Adobe Malware Visits Craigslist

Tuesday, August 27, 2013 @ 06:08 PM gHale


There is now an attack on Craigslist where malware is using compromised machines to post poorly worded ads for an Android application marketed at parents for the purposes of monitoring the activities of their teens, researchers said.

The software pitch is it can track the device’s location, as well as SMS and phone logs.

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So far three command and control servers tie into the attack; two of them are under a private registration, a third has a registration to a U.S.-based individual with the same name, city and state as the person on the manifest for the StealthNanny app in question, said Andrew Brandt, director of threat research at Solera Networks.

While the attack isn’t especially malicious and likely to end up flagged as a potentially unwanted application by most antivirus products, it does go to great lengths to bypass Craigslist’s spam prevention mechanisms. Before an ad goes live on Craigslist, the submitter must click on a link in a separate validation email sent from Craigslist. The malware retrieves that email from Craigslist from a domain called myemail3[.]info that hosts the three C&C servers. Brandt said the full text delivers, including headers and the message.

“The bot goes through the log, parses out the validation links from Craigslist and clicks them,” Brandt said. “That makes it live and bypasses their spam filtering.”

Compromised machines, meanwhile, are able to make only one post per day, or in some cases, only one post per infected machine. Brandt said the attacks have been going on for a few weeks and the posts end up flagged as spam fairly quickly. Posts go out to random categories on Craigslist, some that make sense and others that don’t.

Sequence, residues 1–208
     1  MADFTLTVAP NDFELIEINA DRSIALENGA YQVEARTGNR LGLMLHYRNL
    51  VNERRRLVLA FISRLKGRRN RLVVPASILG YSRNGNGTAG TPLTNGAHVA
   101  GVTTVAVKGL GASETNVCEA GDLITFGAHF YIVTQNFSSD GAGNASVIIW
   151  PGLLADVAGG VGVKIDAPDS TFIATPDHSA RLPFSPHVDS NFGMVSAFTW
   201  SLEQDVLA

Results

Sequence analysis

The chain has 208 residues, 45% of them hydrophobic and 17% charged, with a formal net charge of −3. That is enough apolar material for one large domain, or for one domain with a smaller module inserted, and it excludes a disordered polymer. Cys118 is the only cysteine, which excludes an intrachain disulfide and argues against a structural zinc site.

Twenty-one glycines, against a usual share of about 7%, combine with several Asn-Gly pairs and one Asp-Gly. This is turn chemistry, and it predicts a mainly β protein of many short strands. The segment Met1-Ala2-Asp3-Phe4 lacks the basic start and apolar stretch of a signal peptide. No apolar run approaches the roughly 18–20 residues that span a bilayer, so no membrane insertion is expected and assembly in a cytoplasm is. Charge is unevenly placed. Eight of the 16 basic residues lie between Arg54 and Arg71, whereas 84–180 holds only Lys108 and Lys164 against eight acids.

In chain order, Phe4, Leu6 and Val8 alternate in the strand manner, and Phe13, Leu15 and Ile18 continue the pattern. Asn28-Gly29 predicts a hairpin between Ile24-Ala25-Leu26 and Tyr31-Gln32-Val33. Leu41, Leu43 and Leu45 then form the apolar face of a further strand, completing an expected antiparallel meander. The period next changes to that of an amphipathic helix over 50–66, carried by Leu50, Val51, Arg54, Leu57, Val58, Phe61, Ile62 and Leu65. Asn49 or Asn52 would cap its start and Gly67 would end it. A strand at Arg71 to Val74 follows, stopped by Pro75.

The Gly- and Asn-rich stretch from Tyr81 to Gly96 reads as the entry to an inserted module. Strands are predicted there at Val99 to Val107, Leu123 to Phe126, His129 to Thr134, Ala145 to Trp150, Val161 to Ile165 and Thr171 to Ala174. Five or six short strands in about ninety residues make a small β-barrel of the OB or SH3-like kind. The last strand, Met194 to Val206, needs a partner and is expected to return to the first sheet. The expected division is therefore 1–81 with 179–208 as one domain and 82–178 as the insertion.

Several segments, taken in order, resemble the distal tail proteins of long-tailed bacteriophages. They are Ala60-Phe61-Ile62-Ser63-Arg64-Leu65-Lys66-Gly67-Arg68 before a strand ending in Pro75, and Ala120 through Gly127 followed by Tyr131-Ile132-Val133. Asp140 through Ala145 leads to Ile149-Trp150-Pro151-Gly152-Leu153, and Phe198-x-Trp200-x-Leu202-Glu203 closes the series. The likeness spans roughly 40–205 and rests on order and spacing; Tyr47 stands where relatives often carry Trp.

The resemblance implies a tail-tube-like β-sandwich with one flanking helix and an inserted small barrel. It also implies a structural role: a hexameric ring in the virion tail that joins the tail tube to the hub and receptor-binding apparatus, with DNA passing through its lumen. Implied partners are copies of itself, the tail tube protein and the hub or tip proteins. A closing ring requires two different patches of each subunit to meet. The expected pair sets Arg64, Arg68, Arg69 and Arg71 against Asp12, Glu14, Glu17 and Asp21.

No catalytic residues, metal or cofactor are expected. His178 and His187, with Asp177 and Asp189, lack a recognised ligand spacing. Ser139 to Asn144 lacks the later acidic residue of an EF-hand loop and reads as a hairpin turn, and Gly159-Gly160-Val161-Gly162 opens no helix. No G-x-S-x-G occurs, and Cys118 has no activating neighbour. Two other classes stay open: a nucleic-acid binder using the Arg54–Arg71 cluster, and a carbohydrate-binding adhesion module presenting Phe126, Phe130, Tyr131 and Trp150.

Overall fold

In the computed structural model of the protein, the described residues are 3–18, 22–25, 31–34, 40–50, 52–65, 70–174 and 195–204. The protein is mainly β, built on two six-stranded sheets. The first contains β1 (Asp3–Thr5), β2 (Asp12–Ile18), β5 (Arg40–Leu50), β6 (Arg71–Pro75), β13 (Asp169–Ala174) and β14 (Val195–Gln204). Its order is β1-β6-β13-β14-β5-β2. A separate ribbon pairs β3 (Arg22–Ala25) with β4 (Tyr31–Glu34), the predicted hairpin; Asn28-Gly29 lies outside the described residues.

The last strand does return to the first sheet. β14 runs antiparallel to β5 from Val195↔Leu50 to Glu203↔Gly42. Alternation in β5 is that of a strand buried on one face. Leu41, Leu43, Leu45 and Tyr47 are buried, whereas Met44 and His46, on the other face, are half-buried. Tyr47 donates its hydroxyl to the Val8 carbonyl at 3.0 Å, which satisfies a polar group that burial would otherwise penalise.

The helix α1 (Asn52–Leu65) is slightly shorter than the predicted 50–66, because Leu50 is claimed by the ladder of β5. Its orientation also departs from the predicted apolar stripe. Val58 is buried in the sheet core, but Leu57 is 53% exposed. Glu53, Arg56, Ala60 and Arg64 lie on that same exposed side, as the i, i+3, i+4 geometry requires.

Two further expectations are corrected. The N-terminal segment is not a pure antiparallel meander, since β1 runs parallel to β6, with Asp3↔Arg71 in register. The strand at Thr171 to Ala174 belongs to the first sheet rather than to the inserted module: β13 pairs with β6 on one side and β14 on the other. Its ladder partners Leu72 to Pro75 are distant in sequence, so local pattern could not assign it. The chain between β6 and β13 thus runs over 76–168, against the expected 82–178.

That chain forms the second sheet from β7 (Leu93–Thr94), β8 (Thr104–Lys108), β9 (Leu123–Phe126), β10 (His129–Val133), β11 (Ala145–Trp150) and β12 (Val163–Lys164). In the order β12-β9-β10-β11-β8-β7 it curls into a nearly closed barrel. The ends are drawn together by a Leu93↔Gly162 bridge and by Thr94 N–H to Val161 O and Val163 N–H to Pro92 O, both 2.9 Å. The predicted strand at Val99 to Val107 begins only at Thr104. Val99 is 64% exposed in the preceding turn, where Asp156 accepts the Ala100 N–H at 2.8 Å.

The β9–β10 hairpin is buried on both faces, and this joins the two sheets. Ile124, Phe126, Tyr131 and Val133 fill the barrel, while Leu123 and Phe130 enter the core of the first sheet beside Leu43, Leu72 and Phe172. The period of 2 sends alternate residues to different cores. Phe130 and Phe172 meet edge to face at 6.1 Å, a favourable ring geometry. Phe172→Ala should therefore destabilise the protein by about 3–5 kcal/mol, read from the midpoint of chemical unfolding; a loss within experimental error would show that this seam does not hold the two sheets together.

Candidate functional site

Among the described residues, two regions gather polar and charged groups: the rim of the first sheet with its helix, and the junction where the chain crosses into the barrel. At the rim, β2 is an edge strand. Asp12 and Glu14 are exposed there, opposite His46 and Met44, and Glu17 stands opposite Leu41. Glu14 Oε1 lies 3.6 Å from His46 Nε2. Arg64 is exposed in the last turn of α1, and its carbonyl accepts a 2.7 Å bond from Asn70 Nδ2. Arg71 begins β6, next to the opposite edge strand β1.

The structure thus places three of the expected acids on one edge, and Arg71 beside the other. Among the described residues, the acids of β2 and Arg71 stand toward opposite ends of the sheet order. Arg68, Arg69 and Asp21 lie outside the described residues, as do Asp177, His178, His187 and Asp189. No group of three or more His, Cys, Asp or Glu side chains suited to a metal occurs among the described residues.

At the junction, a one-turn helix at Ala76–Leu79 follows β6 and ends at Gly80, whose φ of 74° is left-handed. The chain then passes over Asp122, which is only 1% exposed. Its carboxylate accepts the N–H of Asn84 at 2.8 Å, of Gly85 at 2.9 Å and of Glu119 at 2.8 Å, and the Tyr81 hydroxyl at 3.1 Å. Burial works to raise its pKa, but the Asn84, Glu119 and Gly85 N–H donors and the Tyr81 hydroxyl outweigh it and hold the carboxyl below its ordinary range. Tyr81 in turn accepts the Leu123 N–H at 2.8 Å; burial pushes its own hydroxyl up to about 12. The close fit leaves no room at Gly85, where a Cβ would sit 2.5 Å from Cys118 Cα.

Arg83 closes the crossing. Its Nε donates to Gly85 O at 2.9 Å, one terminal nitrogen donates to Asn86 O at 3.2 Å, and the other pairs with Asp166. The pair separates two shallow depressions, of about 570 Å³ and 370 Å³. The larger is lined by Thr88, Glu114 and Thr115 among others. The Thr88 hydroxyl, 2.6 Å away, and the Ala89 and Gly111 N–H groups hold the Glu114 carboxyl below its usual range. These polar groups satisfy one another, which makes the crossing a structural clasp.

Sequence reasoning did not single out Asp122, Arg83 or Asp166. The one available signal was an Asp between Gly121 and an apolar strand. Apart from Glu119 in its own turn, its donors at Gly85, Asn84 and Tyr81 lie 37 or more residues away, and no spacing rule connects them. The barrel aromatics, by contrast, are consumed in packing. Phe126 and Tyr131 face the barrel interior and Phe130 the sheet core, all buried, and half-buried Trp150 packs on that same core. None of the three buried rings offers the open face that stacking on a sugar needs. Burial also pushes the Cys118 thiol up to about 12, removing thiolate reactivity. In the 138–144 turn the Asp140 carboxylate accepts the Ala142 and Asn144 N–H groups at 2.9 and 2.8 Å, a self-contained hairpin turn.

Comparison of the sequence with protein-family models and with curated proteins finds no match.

Brandt said he is unaware of how the initial infection happens; he first saw the attack on the Emerging Threats list. Researchers there shared a Snort signature for this attack and a link to download the malware used. Brandt downloaded it on a number of virtual machines and each time the malware connected to a command and control server which returns data that includes an Outlook.com email address and password, and the body of the Craigslist post. It also does a SSL connection to Craigslist and uses its internal systems to figure out the best local Craigslist where to post, Brandt said.

Brandt said the initial infection vector remains unknown, but there is a link promoted that encourages the victim to visit a site to look at images. The images on the attack site are broken and the user sees a pop-up informing them of a missing plug-in called Adobe Photo Loader, which does not exist. When the user clicks on the installation link, the malicious executable pushes to their machine.



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